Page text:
Ishinomaki, Miyagi Pref. – Hanging from the beams of a makeshift workshop behind Ryoko Kurosu’s beauty salon are thousands of traditional ornaments the hairdresser has created from scratch — colorfully embellished fabric figurines that are testament to the power of perseverance in the face of seemingly irreparable calamity.
Each decoration carries a specific meaning, explains the cheerful septuagenarian, donning a gray kimono-style jacket.
“Take this red, baby-shaped amulet,” she says. “It’s called sarubobo, and it’s supposed to protect you from bad things.”
Such innocent wishes carry a different weight when coming from a survivor of one of the deadliest natural disasters in Japanese history.
Kurosu began crafting these intricately woven dolls after a magnitude 9 earthquake struck off the northeastern coast of the archipelago on March 11, 2011, triggering gigantic tsunamis that ravaged the port city of Ishinomaki, Miyagi Prefecture, and claimed 1 in 40 residents, or around 20% of the nearly 19,000 that died or went missing in the catastrophe.
Since then, the city has been working to restore what has been lost. Nearly ¥2 trillion in government subsidies have been injected to revamp its infrastructure, according to some estimates — by far the largest figure among affected municipalities. Seawalls as high as 10 meters have been erected along the coastline. Tourist facilities including a large souvenir shop have popped up around newly constructed roads.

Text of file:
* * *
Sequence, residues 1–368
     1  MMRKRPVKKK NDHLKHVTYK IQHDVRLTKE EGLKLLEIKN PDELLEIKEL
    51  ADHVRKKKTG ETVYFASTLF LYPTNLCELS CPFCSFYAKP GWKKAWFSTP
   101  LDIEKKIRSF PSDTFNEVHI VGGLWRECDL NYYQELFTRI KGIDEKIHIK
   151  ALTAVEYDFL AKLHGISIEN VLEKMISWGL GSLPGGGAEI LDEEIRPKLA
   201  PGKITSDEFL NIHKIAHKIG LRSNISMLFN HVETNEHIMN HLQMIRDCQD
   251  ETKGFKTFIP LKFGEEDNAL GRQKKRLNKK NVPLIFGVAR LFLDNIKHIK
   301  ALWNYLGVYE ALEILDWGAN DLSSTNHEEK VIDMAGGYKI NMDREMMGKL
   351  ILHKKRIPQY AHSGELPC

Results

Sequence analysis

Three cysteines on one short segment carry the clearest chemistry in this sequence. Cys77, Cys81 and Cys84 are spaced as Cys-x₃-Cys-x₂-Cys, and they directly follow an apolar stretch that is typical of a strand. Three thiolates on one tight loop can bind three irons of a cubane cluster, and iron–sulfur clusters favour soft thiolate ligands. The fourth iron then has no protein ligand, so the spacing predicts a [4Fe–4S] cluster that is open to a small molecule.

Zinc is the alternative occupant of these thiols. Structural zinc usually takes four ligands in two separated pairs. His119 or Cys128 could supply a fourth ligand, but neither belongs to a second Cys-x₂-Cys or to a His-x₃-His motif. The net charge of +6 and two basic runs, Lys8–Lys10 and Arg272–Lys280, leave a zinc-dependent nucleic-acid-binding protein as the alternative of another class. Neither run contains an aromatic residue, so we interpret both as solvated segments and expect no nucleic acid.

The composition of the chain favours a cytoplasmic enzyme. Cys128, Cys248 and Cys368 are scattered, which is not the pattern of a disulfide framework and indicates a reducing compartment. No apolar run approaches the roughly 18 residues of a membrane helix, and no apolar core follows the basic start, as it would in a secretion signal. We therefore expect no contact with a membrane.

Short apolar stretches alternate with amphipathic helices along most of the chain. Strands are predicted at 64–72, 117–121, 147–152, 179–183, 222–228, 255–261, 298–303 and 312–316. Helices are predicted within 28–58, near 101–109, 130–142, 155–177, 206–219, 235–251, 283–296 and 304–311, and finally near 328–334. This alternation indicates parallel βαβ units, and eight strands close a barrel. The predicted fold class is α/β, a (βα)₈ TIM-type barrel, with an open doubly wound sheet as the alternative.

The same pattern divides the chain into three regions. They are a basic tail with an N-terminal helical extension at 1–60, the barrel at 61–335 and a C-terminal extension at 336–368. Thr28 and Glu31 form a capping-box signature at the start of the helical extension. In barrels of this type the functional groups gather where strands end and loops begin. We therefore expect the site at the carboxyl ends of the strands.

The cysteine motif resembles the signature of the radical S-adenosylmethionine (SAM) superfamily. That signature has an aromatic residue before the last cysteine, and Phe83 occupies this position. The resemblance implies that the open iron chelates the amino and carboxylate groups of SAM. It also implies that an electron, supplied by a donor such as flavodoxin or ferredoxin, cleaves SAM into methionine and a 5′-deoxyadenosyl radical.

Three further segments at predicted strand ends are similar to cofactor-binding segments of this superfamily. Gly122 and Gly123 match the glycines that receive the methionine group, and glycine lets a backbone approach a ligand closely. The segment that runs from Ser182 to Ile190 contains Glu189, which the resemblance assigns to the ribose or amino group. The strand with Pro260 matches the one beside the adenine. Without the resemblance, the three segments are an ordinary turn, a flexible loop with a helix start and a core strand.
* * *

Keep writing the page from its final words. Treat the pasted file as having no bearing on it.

Kurosu has also been slowly picking up pieces of her life. Her immediate family was safe, but she lost friends and relatives to the calamity. Her hair salon was destroyed by the dark waves that inundated half the city, forcing her to move her business to its current location at the eastern edge of Ishinomaki. She began focusing on her new hobby to keep her mind off the tragedy and to regain a sense of normalcy.
But in an ominous reminder of the nation’s vulnerability to seismic activity, a magnitude 7.3 temblor hit off the coast of Fukushima Prefecture on Feb. 13, around one month before the 10th anniversary of the Great East Japan Earthquake and subsequent meltdowns at the Fukushima No. 1 nuclear power plant.
Nearly a million homes across several prefectures temporarily lost power, while more than 180 people were injured by what the Meteorological Agency later described as an aftershock of the 2011 quake.
“It reminded me of the big one 10 years ago,” Kurosu says. “The ornaments at my workshop came tumbling down. Thank god there wasn’t a tsunami.”
The powerful convulsion was yet another setback for what was supposed to be a milestone year for the region and it’s reconstruction efforts. The 2020 Games, dubbed the “recovery Olympics,” was postponed for a year due to the global pandemic and has been rocked by the recent resignation of Tokyo 2020 chief Yoshiro Mori over sexist remarks. Many memorial events planned for March 11 have also been forced to scale down to prevent the spread of COVID-19.
But for Kurosu and residents of communities eviscerated by the disaster, the real challenge lies ahead. After a 10-year, ¥31 trillion spending spree, the government is set to reduce its quake relief budget drastically from fiscal 2021. Ishinomaki, a city of 140,000 long known for its lively fishing industry, has ostensibly succeeded in rebuilding much of its urban landscape over the past decade. But can it stand on its own?